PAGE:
A Slack-versation about how Angry Birds is the #1 movie and what it means:
@davidlidsky: The movie being a hit—despite being late, despite the bad reviews—basically saves the company. They didn’t license their characters but took on all the risk in the hopes of a big reward. Also, note Jonah Peretti’s comment in our BuzzFeed feature from the March issue about the rise of “post-literate media.”
Peretti, channeling Marshall McLuhan, believes BuzzFeed will succeed globally because of the rise of postliterate media. “Angry Birds, Candy Crush, Minions, Transformers,” he rattles off. “Anywhere the dialogue is less important than the special effects. Or a Nicki Minaj video. There are things that you don’t really need language to appreciate.”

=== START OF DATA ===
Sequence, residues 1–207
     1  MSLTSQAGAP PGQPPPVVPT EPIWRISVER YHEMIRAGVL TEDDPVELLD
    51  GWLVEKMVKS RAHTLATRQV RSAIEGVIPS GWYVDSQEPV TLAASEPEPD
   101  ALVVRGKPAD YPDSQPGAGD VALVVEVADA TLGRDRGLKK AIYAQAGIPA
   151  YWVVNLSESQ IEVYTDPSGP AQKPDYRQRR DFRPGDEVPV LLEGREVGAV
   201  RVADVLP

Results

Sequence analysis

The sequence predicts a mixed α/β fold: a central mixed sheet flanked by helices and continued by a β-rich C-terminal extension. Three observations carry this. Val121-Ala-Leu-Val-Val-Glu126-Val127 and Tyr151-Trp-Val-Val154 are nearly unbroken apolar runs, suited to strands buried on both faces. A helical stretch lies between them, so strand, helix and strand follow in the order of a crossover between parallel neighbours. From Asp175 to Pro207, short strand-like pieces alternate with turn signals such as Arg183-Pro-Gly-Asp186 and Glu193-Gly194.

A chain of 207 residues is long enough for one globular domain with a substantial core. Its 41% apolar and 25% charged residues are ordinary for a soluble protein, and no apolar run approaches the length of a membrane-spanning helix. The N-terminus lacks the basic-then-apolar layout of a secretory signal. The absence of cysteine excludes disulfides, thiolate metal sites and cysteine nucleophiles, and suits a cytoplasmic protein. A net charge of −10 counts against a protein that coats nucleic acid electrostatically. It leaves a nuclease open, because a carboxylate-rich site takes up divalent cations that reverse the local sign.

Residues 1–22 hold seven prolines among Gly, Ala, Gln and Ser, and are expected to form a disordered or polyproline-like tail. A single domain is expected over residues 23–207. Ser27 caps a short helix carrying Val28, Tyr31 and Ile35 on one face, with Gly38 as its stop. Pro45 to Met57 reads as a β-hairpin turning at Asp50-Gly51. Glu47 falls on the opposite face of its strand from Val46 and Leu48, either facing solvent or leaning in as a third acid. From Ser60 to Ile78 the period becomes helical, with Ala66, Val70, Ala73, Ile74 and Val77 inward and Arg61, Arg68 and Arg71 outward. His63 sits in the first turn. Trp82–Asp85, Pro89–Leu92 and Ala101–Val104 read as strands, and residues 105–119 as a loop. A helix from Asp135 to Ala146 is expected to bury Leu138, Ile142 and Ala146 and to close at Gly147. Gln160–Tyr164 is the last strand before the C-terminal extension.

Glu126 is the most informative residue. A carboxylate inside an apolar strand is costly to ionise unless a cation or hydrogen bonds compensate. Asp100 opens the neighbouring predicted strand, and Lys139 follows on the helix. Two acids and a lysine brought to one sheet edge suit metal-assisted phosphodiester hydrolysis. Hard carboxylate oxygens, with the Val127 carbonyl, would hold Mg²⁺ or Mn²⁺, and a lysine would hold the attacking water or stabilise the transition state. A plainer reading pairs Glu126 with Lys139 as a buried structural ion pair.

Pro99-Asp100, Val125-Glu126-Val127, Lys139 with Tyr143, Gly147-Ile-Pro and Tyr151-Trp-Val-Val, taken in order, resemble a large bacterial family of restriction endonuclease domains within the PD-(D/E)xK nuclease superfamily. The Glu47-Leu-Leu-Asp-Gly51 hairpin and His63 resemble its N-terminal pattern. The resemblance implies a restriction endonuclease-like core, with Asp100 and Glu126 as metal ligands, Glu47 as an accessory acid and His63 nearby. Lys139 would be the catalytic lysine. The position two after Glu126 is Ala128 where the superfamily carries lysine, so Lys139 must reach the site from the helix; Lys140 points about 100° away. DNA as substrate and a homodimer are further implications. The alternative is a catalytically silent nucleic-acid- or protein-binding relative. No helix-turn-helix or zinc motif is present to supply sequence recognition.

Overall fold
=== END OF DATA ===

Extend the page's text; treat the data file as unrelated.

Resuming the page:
Angry Birds translates across cultures and geography and that’s why it’s the number one movie in 48 countries right now.
@marcusbaram: Part of me feels like there’s not even any real passion for the movie, just that it was the BIG kids’ movie this weekend, nice weather, perfect time of year, it’s a no-brainer that it will pack theaters. Not sure if there’s any lasting impact to it—big toy sales, sequels, etc. But I could be completely wrong. None of the characters seem to lend themselves to becoming brands in their own right.
Harken back to when Angry Birds first harbored its dreams of being the next Disney with this 2012 feature.